Rule Maker Portfolio
The Quaint Notion of Trading
MILWAUKEE, WI (Oct. 1, 1999) -- Ahh, October -- my favorite month of the year. Cool weather, college football, the golden hues of autumn... oh and don't forget: It's time to begin wringing your hands over the possibility of a major stock market correction. The Legend of Sleepy Hollow may no longer raise the hair on the back of your neck, but the horror tales of October '29 and October '87 will forever lurk in the back of investors' minds.
The rocky markets of the past two Octobers have only served to heighten the tension that surrounds this otherwise beautiful month. In 1997, the Asian crisis caused a momentary panic. And then last year, the implosion of Long Term (yeah, right) Capital Management nearly brought the financial world to its knees.
It's during this turbulent season that investors sometimes begin to doubt whether the buy-and-hold approach is really best. Yesterday, I saw the following quote on TheStreet.com:
"When we think of quaint notions of the 20th century, one of them will be the notion of the buy-and-hold investor."
- James Cramer, September 30, 1999
For those unacquainted, James Cramer is a hedge fund manager with an itchy trigger finger when it comes to stocks. As a performance manager, he's under pressure to put up strong returns quarter after quarter, without exception. To his credit, Cramer has a market-beating track record over the past decade. But nevertheless, his attack on the buy-and-hold approach is, ahem, wrong.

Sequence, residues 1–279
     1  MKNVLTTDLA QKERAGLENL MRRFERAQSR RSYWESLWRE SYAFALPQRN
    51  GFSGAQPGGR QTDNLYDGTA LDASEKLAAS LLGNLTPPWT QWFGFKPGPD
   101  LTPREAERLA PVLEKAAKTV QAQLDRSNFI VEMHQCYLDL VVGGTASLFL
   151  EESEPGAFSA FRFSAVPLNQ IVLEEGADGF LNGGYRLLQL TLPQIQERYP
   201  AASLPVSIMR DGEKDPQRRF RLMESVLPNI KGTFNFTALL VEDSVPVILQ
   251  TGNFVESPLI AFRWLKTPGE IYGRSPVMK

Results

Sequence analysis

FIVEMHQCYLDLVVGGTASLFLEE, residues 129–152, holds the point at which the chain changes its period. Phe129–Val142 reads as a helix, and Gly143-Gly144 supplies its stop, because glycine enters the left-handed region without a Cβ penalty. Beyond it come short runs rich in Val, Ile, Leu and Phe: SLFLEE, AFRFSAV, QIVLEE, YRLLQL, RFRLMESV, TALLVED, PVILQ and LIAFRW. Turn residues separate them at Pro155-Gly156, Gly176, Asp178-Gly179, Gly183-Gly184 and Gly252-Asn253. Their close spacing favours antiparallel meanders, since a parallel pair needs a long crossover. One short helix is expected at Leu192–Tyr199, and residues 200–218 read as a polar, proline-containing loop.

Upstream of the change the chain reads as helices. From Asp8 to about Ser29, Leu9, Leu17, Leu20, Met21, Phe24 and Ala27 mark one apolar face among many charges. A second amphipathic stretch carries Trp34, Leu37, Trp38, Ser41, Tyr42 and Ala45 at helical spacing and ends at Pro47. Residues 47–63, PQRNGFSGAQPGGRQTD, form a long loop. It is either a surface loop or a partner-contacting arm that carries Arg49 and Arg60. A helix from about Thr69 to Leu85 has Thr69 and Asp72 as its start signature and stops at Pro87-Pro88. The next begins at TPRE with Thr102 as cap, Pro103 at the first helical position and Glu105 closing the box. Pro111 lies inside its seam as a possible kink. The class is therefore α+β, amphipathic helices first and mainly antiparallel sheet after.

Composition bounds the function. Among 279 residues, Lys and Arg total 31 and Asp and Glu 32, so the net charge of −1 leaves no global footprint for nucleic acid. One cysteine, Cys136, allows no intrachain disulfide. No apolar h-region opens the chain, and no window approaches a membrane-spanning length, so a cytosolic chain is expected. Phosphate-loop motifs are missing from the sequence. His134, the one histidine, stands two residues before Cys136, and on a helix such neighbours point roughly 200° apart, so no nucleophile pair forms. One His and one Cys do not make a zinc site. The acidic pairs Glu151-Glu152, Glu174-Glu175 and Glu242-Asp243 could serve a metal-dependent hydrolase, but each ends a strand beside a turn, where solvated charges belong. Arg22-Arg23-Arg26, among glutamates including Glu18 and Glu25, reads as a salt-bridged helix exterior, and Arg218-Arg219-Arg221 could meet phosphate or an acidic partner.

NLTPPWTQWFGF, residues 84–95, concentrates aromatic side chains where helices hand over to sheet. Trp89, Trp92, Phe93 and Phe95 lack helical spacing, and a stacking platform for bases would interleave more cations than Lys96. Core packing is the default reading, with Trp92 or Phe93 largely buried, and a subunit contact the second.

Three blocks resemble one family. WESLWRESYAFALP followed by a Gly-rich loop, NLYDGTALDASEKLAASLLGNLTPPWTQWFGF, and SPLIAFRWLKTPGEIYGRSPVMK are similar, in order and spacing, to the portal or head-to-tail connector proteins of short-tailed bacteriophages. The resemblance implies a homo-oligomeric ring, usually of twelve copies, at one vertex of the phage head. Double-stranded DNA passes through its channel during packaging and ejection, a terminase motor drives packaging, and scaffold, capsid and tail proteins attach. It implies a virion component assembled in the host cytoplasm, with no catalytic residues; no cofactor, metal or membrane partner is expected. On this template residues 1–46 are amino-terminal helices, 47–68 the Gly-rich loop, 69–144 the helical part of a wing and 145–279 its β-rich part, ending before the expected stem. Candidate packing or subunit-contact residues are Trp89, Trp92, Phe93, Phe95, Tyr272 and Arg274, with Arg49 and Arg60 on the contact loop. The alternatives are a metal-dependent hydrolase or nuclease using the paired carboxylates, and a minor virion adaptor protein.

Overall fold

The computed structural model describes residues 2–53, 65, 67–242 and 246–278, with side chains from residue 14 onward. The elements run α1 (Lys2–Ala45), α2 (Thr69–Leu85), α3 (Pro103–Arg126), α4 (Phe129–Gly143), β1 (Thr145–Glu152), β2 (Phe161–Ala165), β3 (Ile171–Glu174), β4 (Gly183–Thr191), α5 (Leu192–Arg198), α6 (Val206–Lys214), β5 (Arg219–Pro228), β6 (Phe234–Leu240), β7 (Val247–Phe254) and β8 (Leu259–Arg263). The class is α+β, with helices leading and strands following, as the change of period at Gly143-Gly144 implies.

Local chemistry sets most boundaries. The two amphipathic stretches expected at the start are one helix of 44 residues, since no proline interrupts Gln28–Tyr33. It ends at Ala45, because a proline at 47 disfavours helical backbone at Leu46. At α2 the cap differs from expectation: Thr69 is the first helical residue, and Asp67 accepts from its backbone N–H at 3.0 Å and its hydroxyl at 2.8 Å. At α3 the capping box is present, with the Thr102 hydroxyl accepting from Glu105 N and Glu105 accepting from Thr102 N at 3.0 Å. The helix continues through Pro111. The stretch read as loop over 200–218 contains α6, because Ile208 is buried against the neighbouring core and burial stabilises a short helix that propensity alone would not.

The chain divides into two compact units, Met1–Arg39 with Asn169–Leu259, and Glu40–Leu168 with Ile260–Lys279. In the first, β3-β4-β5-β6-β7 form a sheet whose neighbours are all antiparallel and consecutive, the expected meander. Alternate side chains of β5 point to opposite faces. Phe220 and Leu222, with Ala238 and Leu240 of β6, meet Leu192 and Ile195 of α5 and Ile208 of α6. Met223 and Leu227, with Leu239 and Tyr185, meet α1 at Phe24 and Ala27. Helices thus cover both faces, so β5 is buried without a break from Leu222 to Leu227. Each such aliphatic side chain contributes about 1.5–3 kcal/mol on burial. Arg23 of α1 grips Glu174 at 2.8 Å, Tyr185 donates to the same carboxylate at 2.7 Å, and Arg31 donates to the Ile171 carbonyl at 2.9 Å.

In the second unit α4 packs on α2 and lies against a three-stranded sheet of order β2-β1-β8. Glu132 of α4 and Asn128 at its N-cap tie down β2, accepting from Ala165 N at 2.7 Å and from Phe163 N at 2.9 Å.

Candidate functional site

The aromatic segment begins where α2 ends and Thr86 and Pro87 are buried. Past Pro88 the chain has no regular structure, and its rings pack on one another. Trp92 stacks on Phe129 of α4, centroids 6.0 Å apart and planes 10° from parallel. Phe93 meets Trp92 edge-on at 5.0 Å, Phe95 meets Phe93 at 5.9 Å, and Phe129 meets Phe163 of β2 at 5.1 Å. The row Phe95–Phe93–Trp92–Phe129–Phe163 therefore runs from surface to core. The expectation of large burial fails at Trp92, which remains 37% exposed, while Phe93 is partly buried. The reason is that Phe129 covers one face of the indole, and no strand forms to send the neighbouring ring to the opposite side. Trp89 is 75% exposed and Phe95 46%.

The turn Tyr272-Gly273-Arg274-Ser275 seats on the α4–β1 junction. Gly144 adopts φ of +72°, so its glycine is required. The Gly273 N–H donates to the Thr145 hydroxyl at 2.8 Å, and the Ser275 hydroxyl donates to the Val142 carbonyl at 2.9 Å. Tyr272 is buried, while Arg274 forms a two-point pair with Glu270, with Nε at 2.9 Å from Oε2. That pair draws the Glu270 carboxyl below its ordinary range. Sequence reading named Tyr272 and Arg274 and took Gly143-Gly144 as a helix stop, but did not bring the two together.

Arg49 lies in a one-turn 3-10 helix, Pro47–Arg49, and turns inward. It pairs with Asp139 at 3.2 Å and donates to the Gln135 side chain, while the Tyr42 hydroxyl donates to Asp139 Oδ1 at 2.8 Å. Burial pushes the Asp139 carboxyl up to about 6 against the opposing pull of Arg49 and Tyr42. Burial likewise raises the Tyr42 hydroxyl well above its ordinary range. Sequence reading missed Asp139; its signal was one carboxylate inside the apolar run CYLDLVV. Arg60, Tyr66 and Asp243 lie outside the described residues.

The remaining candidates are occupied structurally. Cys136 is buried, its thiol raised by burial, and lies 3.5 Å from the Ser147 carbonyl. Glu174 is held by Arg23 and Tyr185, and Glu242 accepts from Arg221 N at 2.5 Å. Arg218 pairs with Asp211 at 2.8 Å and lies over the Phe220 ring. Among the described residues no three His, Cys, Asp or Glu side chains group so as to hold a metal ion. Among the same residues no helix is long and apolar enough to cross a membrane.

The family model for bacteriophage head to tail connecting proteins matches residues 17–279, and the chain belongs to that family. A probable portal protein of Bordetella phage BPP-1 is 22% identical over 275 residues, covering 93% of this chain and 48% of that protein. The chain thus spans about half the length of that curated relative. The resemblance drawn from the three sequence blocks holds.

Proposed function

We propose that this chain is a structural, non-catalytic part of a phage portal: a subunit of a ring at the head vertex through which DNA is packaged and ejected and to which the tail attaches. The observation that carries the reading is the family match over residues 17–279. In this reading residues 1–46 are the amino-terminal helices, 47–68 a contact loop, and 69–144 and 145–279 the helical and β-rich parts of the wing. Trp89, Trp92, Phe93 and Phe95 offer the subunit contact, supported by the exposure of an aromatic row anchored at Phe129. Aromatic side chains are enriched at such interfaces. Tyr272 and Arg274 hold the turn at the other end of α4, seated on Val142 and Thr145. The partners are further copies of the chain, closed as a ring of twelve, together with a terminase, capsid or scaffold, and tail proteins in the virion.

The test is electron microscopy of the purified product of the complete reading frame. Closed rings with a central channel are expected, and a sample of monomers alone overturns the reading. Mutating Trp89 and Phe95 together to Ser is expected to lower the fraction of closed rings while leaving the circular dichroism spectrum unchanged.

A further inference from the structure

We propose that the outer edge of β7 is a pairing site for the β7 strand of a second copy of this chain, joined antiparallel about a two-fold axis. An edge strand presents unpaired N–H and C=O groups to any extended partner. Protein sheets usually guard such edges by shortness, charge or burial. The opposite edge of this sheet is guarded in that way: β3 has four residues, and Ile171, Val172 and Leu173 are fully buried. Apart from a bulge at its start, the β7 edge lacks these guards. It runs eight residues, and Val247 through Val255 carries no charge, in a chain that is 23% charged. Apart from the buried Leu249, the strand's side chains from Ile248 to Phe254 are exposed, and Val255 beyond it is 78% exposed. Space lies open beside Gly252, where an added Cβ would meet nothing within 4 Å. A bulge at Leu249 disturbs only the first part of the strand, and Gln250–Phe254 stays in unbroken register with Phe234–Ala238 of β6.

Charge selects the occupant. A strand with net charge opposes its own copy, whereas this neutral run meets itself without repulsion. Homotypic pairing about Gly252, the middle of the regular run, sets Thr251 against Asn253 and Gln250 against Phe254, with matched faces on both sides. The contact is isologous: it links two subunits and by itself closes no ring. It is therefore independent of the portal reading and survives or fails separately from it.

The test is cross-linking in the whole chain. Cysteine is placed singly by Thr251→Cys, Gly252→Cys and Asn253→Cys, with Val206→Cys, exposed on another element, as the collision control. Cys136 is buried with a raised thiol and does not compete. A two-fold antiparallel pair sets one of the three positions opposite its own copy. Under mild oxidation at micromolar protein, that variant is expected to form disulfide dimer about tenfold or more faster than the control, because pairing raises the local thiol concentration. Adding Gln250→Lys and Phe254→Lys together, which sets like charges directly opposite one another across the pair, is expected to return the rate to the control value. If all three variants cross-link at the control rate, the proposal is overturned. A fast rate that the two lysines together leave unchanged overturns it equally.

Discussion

Here are three reasons the buy-and-hold approach is the runaway winner for individual investors:
1) Stocks are the best place for your long-term savings -- bar none.
When your time horizon is greater than five years, stocks are your best investment two times out of three. And your odds only increase as you extend your investment horizon. If you know that you won't be touching your savings for two decades, then history is 100% on your side -- stocks have always beaten every other investment over any 20-year period. And these generalizations apply to the stock market as a whole. If you can use your common sense and a little financial analysis to find a focused portfolio of a 6-12 world-class companies, then you're likely to do even better than the market's historical average.
2) The frictional expenses of trading.
Over the past 20 years, the average actively managed stock mutual fund has underperformed the S&P 500 by 2% each year on average. Now, take a wild guess as to the estimated performance cost of a mutual fund's fees and turnover expenses? You got it -- 2%, on average. So, even the pros have historically underperformed the market's average return because of the frictional expenses of commissions and mis-timed market timing. As an individual, you can minimize your commissions and capital gains taxes by buying and holding. Every study shows this is the only way to consistently beat the market.
3) Life opportunity costs.
Here's one you don't often hear about. No doubt, our time is our most valuable asset. The buy-and-hold approach allows us to spend as little as a few hours per quarter studying stocks, so that the rest of our time can be spent on more valuable pursuits, like getting outside for an afternoon of golf, or a weekend trip to the mountains, or... you get the picture. Why waste your most valuable time wringing your hands over investments?
Well, that's it for today. It's been a busy week here in Rule Maker Land, as your managers seek to decide the fate of this month's $500 contribution to the portfolio. On Monday, we'll announce our pick. Tom will make the call this month from among the four cases made this week. See the links below to go back and read the arguments in the Maker archives.
Have a great weekend, and Fool On!
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